As the Covid-19 crisis continues, the focus is shifting to supporting schools to tackle the impact of lost teaching time

DfE Catch up Funding – how to tackle the impact of lost teaching time

Most schools are emerging out of what could be considered Phase 1 of the coronavirus (COVID-19) crisis. Social distancing guidelines are being relaxed, safeguarding contingencies are becoming more streamlined and daily routines are becoming more, routine.

Whilst this happens though, focus on attainment, pupil progress and pedagogy is returning. And with data showing that school closures are likely to reverse progress made to close the gap in the last decade, the government is to invest £650m in the form of grants to primary and secondary schools in England.

The objective? To play ‘catch up’.

The DfE is feeding guidance on the details and the objectives of this funding through the EEF (Education Endowment Foundation). The EEF is a well-established national charity “dedicated to breaking the link between family income and educational achievement.”

You can read their guidelines document here:

In a nutshell, the main objective is to support schools to tackle the impact of lost teaching time, ensuring pupils are at the standard they would have been had this disruption not taken place. They intend this process (and progress) to start now and to continue through the summer and into the 2020/21 academic year.

A vital part of this process is around accountability; the DfE expects schools to get the best value from this additional funding and to be able to provide evidence of this value. The ideal scenario would be a set of data showing where pupils should be in terms of ability, where they are after this disruption and then data in the coming months showing that they are back at expected levels.

Tricky! And potentially onerous. This expectation is over and above recent COVID-19 challenges, which are over and above previous challenges, which still exist. And the extra sting in the tail? Gavin Williamson has explained that Ofsted is managing this process of accountability and reviewing of evidence.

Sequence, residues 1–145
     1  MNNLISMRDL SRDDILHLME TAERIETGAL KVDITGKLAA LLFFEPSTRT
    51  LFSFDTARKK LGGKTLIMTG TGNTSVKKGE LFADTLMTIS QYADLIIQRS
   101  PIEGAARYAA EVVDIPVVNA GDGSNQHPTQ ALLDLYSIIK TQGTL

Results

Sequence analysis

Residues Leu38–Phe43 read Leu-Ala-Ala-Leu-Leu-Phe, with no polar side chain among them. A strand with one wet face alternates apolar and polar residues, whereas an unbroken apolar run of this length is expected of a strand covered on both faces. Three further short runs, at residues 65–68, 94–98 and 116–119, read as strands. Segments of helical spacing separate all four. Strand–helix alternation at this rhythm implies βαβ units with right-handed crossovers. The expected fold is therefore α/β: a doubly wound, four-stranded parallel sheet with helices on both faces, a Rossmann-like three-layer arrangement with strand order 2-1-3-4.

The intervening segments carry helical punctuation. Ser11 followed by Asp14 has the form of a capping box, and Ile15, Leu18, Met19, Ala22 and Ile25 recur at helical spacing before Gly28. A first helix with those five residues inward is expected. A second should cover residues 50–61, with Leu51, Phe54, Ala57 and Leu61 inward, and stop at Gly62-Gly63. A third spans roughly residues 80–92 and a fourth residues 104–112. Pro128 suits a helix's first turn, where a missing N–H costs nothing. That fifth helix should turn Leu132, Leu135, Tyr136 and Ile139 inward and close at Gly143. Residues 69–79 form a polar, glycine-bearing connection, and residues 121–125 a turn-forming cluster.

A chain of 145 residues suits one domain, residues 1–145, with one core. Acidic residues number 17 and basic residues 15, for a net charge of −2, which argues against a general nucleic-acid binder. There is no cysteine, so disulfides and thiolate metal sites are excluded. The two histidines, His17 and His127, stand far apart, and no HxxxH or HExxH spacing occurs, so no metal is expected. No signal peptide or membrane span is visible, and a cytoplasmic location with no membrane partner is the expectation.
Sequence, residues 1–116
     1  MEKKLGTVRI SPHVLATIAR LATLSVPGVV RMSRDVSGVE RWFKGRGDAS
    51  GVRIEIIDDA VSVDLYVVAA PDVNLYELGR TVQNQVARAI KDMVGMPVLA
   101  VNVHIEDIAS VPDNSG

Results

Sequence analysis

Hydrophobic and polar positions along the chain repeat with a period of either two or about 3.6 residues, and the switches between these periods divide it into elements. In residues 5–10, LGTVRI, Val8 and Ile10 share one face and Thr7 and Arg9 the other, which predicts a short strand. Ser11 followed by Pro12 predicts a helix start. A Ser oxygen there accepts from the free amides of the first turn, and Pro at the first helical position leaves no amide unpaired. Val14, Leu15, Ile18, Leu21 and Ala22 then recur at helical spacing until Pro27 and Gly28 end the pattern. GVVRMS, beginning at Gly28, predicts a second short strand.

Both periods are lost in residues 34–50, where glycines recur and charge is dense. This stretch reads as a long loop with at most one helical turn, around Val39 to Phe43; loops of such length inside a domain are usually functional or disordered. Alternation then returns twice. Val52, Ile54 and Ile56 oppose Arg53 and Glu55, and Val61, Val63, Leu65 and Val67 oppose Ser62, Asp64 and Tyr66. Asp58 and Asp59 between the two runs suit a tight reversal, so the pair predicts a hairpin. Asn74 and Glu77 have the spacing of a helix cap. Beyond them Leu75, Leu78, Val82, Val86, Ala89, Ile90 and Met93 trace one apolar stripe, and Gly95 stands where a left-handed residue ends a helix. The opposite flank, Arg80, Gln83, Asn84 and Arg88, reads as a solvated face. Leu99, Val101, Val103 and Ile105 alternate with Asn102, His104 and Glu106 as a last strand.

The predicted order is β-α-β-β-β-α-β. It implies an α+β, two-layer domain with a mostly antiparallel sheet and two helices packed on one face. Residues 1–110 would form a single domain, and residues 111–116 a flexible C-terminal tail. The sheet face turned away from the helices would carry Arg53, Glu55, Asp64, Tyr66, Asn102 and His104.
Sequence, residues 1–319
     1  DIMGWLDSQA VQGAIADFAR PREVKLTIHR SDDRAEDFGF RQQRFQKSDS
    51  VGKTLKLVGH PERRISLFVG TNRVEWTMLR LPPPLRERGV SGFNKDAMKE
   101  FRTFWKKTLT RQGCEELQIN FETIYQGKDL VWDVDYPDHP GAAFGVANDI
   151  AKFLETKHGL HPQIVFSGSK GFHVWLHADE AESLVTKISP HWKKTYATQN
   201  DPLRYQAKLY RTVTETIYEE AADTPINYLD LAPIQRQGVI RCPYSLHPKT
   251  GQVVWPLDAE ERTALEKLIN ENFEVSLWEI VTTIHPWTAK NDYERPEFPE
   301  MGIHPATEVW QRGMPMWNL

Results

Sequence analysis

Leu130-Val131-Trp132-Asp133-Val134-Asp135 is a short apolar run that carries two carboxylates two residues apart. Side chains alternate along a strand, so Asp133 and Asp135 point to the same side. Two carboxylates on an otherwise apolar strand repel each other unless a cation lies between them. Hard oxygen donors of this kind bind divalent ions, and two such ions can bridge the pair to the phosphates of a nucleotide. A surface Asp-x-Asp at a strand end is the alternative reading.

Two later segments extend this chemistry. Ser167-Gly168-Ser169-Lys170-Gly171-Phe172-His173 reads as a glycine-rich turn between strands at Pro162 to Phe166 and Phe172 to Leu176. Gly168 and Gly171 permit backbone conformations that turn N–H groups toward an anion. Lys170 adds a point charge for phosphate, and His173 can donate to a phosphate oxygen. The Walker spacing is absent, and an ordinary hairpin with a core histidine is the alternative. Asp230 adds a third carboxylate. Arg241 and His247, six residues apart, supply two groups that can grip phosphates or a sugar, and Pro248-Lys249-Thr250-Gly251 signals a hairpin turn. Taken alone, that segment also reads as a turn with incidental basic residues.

Acronyms like Ofsted, the DfE and SATs coupled with words like accountability and evidence can easily cloud what is essentially good news for schools and for pupils. This is a new injection of funds designed to make schools more effective, and although the objectives are fairly short term, the investments made can have a long-term legacy if invested thoughtfully and appropriately.

Having read the EEF Guidance document in detail, and looked at surrounding commentary and statements, we’ve identified the key areas where we know technology can play a vital role.

Furthermore, each of the solutions we have identified facilitates evidencing of both activities and of pupil progress.

Technology supports the following objectives in the guidelines:

  • Pupil Assessment and Feedback
  • Year 6 Transition to Secondary School
  • Literacy and Numeracy
  • One to one and small group tuition
  • Evidencing results and value for money to Ofsted

As it’s clear EdTech can make such a large contribution, Elementary Technology, supported by Naace – the EdTech Charity, Learning by Questions and school leaders, are hosting an Explainer Seminar on Thursday 9th July at 3.30 pm.

The explainer seminar outlines the expectations on schools; what you’re being asked to do, what your objectives should be and our recommendations on how you can achieve them.

Crucially, it explains the simple measures you can take to provide evidence of progress and value to Ofsted when they come and knock at your door.

Click the below to register for this free information session


If you’re looking for more ways that you can bring budget back into your balance sheet, we wrote another blog about exactly that!

Please note there is now more information available since this webinar in July. Please contact us for the latest guidance.

If you have questions or would like some independent advice in the meantime, please do not hesitate to contact us.


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